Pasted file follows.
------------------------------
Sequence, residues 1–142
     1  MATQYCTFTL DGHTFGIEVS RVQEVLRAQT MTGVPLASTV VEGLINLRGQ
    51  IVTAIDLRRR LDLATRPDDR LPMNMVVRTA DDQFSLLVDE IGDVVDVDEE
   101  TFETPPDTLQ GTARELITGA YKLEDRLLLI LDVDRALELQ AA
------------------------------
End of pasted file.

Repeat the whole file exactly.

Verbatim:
Sequence, residues 1–142
     1  MATQYCTFTL DGHTFGIEVS RVQEVLRAQT MTGVPLASTV VEGLINLRGQ
    51  IVTAIDLRRR LDLATRPDDR LPMNMVVRTA DDQFSLLVDE IGDVVDVDEE
   101  TFETPPDTLQ GTARELITGA YKLEDRLLLI LDVDRALELQ AA